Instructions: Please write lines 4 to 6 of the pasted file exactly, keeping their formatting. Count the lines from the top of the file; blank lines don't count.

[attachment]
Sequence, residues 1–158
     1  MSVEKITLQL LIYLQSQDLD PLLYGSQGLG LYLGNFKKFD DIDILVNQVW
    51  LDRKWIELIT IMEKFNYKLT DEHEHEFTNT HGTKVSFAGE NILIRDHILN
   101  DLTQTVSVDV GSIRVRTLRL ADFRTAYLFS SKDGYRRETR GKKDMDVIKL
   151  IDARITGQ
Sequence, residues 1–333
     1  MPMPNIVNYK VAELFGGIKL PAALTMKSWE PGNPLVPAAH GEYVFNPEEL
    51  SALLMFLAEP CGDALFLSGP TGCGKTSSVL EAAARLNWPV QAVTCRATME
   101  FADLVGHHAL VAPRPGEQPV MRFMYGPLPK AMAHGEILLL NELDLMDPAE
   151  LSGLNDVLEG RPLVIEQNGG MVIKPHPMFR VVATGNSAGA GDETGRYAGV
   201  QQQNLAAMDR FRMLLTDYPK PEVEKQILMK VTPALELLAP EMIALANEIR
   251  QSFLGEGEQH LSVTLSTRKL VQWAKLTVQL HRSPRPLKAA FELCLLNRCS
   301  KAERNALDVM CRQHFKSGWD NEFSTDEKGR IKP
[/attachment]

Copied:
   101  DLTQTVSVDV GSIRVRTLRL ADFRTAYLFS SKDGYRRETR GKKDMDVIKL
   151  IDARITGQ
Sequence, residues 1–333